Journalists have written fascinating accounts of the people creating online misinformation or “fake news,” from a group of Macedonian teenagers to the infamous Internet Research Agency, whose members were recently indicted for attempting to influence the 2016 election. Fact-checking groups have circulated advice for spotting fake stories, and partnered with social media platforms to flag them. Quizzes and games like Factitious will test your personal ability to spot misinformation. Overall, the “fake news” news industry is pretty much saturated. But there’s still plenty of room for a game where you become a fake news mogul.
Bad News is a Twine-style game designed by members of the Cambridge Social Decision-Making Lab and media literacy group Drog. Its goal is to teach players about digital misinformation by turning them into purveyors of it. You’ll start with a small-time Twitter account and slowly build followers by feeding their appetite for fear and anger, while deflecting fact-checkers’ criticism and muddling straightforward issues with minimally plausible conspiracy theories.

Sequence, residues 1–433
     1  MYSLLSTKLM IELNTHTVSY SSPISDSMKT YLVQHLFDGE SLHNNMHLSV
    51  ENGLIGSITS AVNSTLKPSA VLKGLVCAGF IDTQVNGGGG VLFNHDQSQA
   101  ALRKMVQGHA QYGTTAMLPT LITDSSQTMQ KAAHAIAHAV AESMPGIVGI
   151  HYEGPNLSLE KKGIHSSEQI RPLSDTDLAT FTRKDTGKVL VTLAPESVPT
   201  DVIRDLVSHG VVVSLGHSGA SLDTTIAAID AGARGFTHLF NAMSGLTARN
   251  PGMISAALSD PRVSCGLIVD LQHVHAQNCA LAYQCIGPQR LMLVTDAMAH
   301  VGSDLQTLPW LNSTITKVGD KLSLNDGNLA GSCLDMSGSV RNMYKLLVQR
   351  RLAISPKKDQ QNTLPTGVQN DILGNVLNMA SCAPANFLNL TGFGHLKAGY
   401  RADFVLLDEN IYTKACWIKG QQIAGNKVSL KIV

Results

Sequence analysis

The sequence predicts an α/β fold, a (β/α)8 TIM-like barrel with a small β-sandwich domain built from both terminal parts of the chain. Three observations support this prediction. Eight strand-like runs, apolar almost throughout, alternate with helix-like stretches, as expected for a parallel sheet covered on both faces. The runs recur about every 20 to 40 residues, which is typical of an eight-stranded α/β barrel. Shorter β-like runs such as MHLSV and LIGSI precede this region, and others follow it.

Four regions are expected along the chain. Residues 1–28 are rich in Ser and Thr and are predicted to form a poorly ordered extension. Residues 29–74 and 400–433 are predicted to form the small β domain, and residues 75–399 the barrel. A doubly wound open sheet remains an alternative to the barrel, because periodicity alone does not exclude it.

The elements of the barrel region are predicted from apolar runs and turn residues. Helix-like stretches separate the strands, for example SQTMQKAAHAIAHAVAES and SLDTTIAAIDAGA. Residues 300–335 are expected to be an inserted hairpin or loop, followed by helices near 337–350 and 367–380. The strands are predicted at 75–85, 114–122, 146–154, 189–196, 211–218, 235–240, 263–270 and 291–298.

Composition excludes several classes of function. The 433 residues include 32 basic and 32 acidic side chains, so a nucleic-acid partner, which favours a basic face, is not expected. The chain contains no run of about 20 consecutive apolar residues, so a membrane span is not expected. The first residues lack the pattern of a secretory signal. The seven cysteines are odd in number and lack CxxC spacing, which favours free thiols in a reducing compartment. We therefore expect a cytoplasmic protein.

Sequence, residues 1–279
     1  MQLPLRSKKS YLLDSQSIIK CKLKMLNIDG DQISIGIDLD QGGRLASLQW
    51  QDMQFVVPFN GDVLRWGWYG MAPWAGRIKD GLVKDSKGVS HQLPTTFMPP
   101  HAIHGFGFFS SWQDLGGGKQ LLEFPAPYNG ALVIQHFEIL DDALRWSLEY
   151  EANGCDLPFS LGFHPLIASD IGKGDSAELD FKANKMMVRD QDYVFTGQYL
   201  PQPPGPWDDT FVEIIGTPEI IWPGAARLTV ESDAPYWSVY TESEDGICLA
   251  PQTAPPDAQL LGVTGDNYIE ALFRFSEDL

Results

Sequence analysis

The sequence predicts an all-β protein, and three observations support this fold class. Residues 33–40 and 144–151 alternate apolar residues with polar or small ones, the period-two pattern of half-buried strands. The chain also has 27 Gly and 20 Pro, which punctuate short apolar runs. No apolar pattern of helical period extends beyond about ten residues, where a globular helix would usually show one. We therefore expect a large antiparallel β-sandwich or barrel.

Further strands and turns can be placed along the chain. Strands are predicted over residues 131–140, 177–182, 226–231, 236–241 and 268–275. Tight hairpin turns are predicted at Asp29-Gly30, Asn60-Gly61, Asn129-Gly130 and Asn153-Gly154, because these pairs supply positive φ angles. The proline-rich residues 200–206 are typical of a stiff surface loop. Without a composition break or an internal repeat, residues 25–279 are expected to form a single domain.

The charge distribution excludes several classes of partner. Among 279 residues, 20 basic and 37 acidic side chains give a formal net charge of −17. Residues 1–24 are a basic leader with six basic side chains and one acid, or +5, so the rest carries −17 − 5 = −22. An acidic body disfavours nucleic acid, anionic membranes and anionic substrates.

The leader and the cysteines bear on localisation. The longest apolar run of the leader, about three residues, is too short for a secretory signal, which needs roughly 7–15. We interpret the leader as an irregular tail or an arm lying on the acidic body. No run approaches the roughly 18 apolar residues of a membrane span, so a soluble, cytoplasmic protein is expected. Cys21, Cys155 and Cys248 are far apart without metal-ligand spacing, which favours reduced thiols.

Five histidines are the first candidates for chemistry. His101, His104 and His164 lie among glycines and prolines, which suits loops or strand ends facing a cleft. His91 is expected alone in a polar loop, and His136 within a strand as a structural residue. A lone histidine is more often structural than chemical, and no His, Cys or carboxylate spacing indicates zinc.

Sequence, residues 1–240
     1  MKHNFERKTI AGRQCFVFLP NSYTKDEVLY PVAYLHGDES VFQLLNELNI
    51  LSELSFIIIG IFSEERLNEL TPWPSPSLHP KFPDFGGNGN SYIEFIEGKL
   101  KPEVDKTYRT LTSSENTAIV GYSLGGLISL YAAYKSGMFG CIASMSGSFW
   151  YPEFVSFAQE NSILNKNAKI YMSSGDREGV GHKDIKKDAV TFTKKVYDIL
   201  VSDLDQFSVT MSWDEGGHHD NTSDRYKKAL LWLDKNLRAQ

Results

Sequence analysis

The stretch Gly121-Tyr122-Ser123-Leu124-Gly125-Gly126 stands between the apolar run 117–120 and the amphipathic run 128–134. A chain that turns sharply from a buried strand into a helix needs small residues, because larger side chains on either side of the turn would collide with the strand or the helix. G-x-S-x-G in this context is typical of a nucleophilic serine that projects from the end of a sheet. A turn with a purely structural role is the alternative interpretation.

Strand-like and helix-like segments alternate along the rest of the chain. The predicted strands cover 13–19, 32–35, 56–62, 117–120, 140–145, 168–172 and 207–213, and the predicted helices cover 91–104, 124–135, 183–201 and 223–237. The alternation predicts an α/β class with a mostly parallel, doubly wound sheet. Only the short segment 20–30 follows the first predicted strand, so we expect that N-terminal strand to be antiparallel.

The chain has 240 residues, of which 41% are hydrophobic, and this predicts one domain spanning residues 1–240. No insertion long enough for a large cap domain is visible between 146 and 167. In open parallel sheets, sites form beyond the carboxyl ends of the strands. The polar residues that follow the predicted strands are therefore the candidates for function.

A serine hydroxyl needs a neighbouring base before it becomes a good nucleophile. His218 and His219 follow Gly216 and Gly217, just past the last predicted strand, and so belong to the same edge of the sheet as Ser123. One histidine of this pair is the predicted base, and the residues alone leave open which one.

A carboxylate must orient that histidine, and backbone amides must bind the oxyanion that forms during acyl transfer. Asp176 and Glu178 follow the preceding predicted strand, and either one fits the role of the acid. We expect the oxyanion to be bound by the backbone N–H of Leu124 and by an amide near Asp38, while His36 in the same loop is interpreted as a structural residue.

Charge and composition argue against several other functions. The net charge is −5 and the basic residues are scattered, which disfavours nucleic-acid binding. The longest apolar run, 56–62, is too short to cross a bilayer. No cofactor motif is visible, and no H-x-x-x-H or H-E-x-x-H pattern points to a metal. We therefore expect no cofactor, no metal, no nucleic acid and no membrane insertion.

You win Bad News by destroying the quality of online discourse for your own gain. You lose by acknowledging nuance, tipping too far into fantasy, or fighting with the game’s snarky narrator. It’s reminiscent of The Westport Independent, a game about running a newspaper in a totalitarian state, except that there’s no ideological justification here — just the endless quest for clicks and eyeballs.
“A traditionally left-wing angle. Good choice,” the game told me, after I decided to attack big corporations for corruption. “But you could have gone with a right-wing angle just as well. It doesn’t matter: choose a side and demonize your target as much as possible.” One 2016 survey found that major hyper-partisan right-wing Facebook pages published somewhat more false information than hyper-partisan left-wing ones, but in general, conspiracy theories flourish in whichever party is out of power.
The game’s creators describe Bad News as a way to vaccinate people against misinformation. “The idea is that once you’ve seen the tactics, and used them in the game, you build up resistance,” Cambridge Social Decision-Making Lab director Sander van der Linden told The Guardian. Some of these tactics are specific, like slightly misspelling a major account’s Twitter handle to impersonate it. Others are broader, like appealing to negative emotions.
How effective will this actually be? Its central message is “don’t believe a story just because it makes you feel something,” which isn’t a lesson that’s easily taught through a game. But if nothing else, it gets players thinking about all the ways they could be fooled. And an optional survey evaluates how players gauge credibility online — future results are supposed to be published in the Journal of Risk Research.